Modern Morality: Care Ethics


Photo by Kristine Cho

Kristine Cho

The life of a high school student is quite heavily influenced by the different relationships we gain and maintain. As students, we encounter so many different yet distinct types of relationships with teachers, teammates, and friends. As such, high school is quite an interesting social web and perfect place to examine care ethics.
Care ethics arose as a feminist critique of most modern schools of thought, shifting the focus of moral consideration from abstract and seemingly arbitrary rules to human relationships. This mode of thought relies upon the recognition that human relationships is fundamental to understanding morality. The social web humans have created around themselves is understood as the source of identity and is thus prioritized. The bonds people make and break are definitive of their identities, and thus, their very lives.
Care ethics places caring and relationships to be the first thing to consider when faced with moral dilemmas, often turning to a Confucian style attention to duties that are inherent within relationships. For example, in the event that someone has to weigh options in a situation where their personal success comes at the expense of a close friend or teammate, their obligation, according to care ethics, is then to not take such an opportunity and work with their peer, not to exploit them.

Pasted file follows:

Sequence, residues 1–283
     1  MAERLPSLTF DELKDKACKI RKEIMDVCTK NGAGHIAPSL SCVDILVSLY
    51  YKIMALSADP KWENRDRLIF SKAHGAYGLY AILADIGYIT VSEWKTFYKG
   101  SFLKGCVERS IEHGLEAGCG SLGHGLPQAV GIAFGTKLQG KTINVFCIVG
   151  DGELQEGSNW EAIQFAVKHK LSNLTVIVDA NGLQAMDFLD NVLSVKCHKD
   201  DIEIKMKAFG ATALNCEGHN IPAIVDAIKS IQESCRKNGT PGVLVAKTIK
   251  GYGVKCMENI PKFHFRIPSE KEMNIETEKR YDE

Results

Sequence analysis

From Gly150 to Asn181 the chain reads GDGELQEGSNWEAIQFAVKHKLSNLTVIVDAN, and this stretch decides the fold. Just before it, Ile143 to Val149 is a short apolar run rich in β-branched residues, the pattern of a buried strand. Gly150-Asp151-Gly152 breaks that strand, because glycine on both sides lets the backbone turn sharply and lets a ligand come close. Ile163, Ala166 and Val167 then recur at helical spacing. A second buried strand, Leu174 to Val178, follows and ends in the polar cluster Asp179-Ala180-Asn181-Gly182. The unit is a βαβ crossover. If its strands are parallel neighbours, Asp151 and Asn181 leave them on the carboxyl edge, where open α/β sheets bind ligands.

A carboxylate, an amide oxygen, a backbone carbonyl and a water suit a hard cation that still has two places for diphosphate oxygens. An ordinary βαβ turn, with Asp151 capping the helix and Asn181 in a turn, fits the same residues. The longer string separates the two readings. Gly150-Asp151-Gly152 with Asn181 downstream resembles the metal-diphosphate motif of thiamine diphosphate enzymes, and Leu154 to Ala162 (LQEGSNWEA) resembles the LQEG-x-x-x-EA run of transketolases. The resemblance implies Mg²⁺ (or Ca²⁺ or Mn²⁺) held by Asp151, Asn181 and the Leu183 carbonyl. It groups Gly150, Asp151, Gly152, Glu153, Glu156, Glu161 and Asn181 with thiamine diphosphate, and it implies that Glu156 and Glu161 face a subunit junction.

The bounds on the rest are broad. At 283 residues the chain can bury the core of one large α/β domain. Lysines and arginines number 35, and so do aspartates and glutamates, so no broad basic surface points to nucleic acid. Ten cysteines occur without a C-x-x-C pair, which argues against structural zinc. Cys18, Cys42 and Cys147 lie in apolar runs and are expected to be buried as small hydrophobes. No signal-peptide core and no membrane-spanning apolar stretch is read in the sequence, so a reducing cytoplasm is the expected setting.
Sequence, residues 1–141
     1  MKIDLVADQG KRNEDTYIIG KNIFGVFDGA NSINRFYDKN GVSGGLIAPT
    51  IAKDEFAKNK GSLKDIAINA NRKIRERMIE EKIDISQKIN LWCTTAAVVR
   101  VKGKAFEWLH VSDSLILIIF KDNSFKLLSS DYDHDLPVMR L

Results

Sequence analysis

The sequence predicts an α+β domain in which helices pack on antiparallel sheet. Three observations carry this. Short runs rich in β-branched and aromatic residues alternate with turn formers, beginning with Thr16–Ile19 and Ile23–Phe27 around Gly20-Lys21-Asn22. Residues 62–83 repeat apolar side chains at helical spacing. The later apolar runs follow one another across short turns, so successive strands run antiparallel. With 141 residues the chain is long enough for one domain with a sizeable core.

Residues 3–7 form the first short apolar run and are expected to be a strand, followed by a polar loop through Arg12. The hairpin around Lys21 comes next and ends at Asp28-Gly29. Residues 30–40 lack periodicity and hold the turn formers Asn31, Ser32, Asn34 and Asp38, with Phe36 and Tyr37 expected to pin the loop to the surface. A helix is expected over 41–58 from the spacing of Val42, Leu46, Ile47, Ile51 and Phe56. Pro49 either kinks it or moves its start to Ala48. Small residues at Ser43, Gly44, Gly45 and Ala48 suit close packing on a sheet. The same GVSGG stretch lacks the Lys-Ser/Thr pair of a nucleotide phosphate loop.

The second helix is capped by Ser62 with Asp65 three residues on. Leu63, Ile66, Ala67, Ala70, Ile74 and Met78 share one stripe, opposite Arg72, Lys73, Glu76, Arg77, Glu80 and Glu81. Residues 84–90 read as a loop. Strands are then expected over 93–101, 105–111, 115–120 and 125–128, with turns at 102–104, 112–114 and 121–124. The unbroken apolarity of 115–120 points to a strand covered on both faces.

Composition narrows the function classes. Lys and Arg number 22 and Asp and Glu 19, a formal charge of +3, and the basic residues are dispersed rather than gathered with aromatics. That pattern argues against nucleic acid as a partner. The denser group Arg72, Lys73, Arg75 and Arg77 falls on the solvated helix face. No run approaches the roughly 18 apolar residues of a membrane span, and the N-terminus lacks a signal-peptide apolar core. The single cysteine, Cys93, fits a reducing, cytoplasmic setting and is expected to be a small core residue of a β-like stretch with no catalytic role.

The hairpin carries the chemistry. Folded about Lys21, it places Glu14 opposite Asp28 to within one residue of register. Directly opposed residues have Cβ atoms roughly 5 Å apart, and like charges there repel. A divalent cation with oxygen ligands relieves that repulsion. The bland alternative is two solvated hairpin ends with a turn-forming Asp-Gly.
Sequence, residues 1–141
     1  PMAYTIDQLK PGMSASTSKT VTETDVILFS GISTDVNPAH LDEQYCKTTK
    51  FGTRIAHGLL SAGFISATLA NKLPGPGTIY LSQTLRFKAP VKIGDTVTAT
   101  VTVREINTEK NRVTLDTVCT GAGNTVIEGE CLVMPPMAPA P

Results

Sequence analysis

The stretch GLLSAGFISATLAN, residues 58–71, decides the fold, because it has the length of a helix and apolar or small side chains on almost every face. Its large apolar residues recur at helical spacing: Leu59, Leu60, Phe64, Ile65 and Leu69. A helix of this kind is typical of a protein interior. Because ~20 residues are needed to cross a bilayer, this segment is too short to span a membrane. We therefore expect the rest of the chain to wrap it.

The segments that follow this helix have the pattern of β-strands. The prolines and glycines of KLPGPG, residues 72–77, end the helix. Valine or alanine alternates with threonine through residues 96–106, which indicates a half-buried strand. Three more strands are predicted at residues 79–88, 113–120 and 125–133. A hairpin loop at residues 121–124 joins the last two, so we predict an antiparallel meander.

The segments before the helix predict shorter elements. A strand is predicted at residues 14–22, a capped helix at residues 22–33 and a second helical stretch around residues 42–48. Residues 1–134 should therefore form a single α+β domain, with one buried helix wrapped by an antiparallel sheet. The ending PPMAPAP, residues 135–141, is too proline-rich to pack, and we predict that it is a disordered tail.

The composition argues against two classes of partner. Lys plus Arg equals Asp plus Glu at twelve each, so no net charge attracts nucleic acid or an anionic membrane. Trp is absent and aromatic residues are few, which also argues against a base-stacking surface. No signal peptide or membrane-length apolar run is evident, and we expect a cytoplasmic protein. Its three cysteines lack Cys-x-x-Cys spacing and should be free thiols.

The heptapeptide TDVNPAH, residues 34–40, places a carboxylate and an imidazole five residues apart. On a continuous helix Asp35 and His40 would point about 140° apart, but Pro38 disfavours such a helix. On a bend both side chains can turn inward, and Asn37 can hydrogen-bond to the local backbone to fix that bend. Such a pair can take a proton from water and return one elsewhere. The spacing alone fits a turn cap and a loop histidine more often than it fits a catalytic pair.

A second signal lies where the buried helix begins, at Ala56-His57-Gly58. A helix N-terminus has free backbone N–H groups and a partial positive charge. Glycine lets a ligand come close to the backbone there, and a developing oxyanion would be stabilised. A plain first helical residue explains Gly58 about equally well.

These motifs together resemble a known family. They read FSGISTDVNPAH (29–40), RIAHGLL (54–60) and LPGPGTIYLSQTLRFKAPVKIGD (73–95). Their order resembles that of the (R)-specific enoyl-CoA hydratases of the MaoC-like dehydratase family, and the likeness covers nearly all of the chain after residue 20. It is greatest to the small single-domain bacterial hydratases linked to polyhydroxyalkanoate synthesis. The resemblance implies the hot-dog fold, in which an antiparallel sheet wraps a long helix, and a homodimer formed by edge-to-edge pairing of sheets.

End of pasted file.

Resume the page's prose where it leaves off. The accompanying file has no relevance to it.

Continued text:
Friendships, families, and the intricacies that are found in the social web that they form often feel the impacts of important decisions that we make as individuals. What feminist care ethics reminds us are of those very impacts. The basis of this code of ethics stretches far beyond simply being kind to those around us; it concerns who we are as friends, students and sons and daughters, and in turn, who we are as people.